Krista Carlson (engineering)
Lauren Williams (psychology)
Nicholas Hebdon (geology)
Pratiti Tagore (architecture and planning)
Joshua Horns (biology)
Bob Cieri (biology)
A key objective of the University of Utah is to expand existing and create new learning communities (LC) to increase retention and completion. The Office of Undergraduate Studies (UGS) is responsible for activating this and other objectives related to student success. The primary role the director of the LEAP Program plays is leadership of the LEAP faculty and peer mentors who support 700-750 students annually. The director keeps vital the vision and mission for LEAP and learning communities as a core element in the Utah Pledge, and the University of Utah’s guarantee that every first-year student can choose a LC that matches their interests and goals. As a member of the core UGS leadership team, the director is part of new initiatives supporting student success and establishes and helps grow partnerships across campus.
The LEAP Learning Community is a year-long learning community that enables new students to transition more confidently to college and to play an active role in their own education. Students stay with the same classmates and faculty member, while taking courses that satisfy general education and graduation requirements, in small classes throughout the year. LEAP students participate in social and service activities with other students and with Peer Advisors.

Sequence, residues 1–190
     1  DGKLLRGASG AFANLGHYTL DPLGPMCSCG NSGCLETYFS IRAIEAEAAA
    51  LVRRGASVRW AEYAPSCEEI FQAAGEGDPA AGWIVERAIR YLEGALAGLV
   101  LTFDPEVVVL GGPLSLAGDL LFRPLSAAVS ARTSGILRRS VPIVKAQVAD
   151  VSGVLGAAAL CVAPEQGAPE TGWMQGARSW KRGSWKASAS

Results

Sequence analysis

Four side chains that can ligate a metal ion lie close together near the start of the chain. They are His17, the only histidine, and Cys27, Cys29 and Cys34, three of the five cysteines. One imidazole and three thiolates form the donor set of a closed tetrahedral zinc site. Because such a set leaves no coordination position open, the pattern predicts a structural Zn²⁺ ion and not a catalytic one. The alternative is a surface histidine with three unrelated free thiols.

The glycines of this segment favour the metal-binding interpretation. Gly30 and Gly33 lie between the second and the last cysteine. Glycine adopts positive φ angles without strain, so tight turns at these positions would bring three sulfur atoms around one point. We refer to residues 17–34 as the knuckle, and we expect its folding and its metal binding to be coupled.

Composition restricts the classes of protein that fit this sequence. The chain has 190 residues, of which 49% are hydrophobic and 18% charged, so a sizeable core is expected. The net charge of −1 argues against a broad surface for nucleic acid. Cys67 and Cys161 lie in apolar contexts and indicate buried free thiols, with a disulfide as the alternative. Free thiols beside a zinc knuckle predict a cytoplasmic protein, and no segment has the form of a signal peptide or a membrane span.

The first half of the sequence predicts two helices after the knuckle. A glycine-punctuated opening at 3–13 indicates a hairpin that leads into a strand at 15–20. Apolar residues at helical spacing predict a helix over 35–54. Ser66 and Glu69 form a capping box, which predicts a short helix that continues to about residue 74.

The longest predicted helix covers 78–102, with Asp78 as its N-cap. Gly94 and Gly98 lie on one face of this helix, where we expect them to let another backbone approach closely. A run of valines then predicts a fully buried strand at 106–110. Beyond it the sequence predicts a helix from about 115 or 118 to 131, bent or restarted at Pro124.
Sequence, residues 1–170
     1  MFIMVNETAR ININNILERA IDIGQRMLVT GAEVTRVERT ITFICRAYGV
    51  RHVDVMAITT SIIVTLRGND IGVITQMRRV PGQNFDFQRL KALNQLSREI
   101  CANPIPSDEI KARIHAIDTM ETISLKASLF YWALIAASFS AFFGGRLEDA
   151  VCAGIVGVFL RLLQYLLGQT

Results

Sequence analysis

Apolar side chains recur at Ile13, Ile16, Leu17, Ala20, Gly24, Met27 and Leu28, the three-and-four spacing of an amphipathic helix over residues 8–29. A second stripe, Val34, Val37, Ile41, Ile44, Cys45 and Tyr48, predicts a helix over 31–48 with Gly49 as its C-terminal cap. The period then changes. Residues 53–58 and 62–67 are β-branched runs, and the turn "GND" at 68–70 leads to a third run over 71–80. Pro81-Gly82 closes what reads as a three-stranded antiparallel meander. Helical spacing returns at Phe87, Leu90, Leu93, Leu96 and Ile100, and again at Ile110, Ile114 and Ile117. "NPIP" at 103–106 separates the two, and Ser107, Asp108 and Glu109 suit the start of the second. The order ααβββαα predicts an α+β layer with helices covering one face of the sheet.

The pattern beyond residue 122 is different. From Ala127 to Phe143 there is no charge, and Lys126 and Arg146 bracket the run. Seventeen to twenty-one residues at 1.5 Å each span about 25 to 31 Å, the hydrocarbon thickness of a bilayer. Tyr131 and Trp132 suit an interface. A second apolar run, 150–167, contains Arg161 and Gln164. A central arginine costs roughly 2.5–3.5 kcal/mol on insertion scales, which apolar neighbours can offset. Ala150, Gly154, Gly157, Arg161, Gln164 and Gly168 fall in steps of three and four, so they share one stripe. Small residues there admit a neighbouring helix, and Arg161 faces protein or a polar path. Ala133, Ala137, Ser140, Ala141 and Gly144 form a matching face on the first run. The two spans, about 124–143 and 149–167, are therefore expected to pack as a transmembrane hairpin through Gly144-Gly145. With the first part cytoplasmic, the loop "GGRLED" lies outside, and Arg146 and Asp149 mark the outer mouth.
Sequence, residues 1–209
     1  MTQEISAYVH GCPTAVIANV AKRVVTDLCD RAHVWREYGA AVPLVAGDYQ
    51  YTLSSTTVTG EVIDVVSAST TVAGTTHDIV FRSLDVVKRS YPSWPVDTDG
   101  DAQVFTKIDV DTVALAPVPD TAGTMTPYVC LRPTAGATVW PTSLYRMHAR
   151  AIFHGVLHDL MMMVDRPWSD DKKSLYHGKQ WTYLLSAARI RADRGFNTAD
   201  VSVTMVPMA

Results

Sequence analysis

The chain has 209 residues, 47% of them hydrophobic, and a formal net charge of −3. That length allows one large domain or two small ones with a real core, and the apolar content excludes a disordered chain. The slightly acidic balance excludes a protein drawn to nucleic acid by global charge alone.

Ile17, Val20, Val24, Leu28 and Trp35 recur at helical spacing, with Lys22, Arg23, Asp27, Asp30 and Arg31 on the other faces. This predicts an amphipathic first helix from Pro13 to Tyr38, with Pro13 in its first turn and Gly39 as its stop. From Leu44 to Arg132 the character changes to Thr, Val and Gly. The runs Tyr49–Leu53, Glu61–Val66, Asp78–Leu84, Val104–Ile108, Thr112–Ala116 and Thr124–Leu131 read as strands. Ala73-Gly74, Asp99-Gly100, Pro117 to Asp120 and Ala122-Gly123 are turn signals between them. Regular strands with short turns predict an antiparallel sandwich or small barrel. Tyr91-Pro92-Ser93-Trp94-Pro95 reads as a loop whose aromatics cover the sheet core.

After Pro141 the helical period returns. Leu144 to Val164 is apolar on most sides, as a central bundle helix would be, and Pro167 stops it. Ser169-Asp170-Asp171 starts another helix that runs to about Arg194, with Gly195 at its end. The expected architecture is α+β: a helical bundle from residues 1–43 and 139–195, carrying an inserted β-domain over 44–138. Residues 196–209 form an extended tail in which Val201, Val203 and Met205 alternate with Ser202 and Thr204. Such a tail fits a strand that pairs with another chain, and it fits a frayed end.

To see a list of all responsibilities of LEAP Program director, click here.
Required qualifications include a Ph.D. and an outstanding record in teaching at the college and university level. Position is open to tenure/tenure track and career line faculty. Administrative and assessment experience preferred.
How to apply
Please send a cover letter and cv to Andrea Haag (email@example.com). The search committee will begin reviewing files Feb. 27, 2017. Please send questions about the position to Ann Darling (firstname.lastname@example.org), chair of the search committee.
For more information, visit the LEAP director search page.
The form is short and can be completed by going here.
Check out the flier below for further details.
Due to the benefits of this contract, all Apple computer purchases should be placed with the University Campus Store, as Apple will not be enabled as a supplier within UShop. Purchases can be made with P-Cards and chartfields at the Campus Store, simplifying transactions and ensuring that all campus purchasers enjoy the benefits and savings of the Apple agreement.
The University Campus Store is able to provide departments with the following benefits:
- The Campus Store receives all new product releases at the same time as the Apple Retail Store, and orders are placed in advance of the scheduled release date to ensure product availability upon launch.
- Apple product pricing is the same or better than the Apple Store.
- The Campus Store works with departments to try and obtain extra discounts for departmental sales and sometimes, Apple offers additional discounts.
- When Apple announces new products, the Campus Store is able to discount products as much as $300—something the Apple Store cannot offer.
- A commitment to provide a two-hour turnaround time for any quotes or sales orders.
- Products will be delivered directly to your department.